Courtesy of the artists
Clockwise from upper left: Partner, Mary Gauthier, Siobhan Wilson, Pinegrove
Courtesy of the artists
This past week hasn't been easy. A relentless barrage of stories about sexual assault and harassment in the media industry, including the disclosure of unsettling harassment complaints within NPR's own newsroom, was capped by yet another horrific and senseless mass shooting at a church in rural Texas this past Sunday.
We can't begin to offer answers, explanations or solutions to everything that's happened. But we hope the time you spend with this week's show will give you a chance to pause, take a deep breath and find some solace.
We've got two songs that directly address both the seeming epidemic of harassment and the violence in Texas. The first comes from singer Mary Gauthier, who wrote her upcoming album, Rifles And Rosary Beads, as part of the SongwritingWith:Soldiers project, a non-profit group that pairs combat veterans with musicians to help tell the soldiers' stories. We play the title track to Rifles And Rosary Beads, a song about the collision of weapons, war and religion.
The second song is from Stella Donnelly, an Australian songwriter who confronts victim-blaming with the plaintive and deeply upsetting, "Boys Will Be Boys."
Also on this week's show: Cathartic rock from both the New Jersey-based band Pinegrove and the Canadian duo known as Partner; Glasgow singer-songwriter Siobhan Wilson's dark and brooding "There Are No Saints"; and NPR Music's Anastasia Tsioulcas joins us to talk about some of her favorite artists from this year's WOMEX, the annual global music conference and showcase, held this year in Katowice, Poland.
From 'Intrepid - Single'
On "Intrepid," the first single from Pinegrove's still-untitled forthcoming album, frontman Evan Stephens Hall contemplates space in relation to human connection. "'Intrepid' considers distance and the outer rim of the magnet's pull," he wrote in a press release, "how the size of the world can bring our personal relationships into focus."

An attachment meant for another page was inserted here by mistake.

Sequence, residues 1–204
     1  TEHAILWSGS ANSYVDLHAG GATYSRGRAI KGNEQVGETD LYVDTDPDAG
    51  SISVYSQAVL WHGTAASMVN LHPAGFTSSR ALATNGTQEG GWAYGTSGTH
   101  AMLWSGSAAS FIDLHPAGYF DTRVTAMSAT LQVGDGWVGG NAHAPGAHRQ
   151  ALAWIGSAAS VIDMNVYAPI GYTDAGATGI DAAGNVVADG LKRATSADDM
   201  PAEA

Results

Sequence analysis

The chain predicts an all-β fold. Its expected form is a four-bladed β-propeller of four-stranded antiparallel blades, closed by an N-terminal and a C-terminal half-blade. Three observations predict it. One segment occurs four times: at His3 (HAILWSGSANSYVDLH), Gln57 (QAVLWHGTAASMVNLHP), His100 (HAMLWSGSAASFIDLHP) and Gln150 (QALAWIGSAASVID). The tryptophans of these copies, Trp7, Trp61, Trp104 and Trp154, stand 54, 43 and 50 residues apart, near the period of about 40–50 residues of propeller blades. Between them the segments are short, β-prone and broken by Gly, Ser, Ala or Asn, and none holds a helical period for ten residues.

"Creature In The Sun"
From 'In Search Of Lost Time'
Partner is the guitar-driven duo of Josée Caron and Lucy Niles, two friends with a knack for playful rock. On "Creature In The Sun," they ponder the "secrets that lie within stillness."
From 'There Are No Saints'
By Siobhan Wilson
Scottish artist Siobhan Wilson, who floored NPR Music's Otis Hart upon first listen, offers a solution for coping with depression on her fuzzy single "Whatever Helps."
La Dame Blanche
"Yo Quiero Trabajar"
From 'Yo Quiero Trabajar'
By La Dame Blanche
NPR Music's Anastasia Tsioulcas came back inspired from this year's WOMEX (World Music Expo) in Katowice, Poland. Among her favorite acts was Yaite Ramos Rodriguez, who performs as La Dame Blanche. She's got a talent for fusing her training as a classical flutist with elements of hip-hop and cumbia, as artfully demonstrated in "Yo Quiero Trabajar."
"Stombali - Baba 'Alaia"
By Ifriqiyya Electrique
Another memorable performance from WOMEX came via Ifriqiyya Electrique, a group of Tunisian and French musicians that turns the ritual ceremonies of descendants of sub-Saharan slaves who were brought to Tunisia centuries ago into all-encompassing moments. "Stombali - Baba'Alaia" is dark, growling, and cinematic.
"Sun a shine"
From 'Sun a shine (single)'
By Elkin Robinson
Colombian artist Elkin Robinson's breezy songs have a Creole, Caribbean twist — Anastasia sees him as an obvious choice for the summer festival circuit.
"Rifles & Rosary Beads"
From 'Rifles & Rosary Beads'
By Mary Gauthier
New Orleans-based artist Mary Gauthier's message of love and acceptance feels especially pertinent on "Rifles and Rosary Beads," the title track from her forthcoming album. Gauthier co-wrote the song with an Iraq war veteran as part of the SongwritingWith:Soldiers initiative.
"Boys Will Be Boys"
From 'Thrush Metal'
By Stella Donnelly
Australian singer-songwriter Stella Donnelly does not mince words on the powerful "Boys Will Be Boys," addressing toxic masculinity and blame culture with steadfast strength.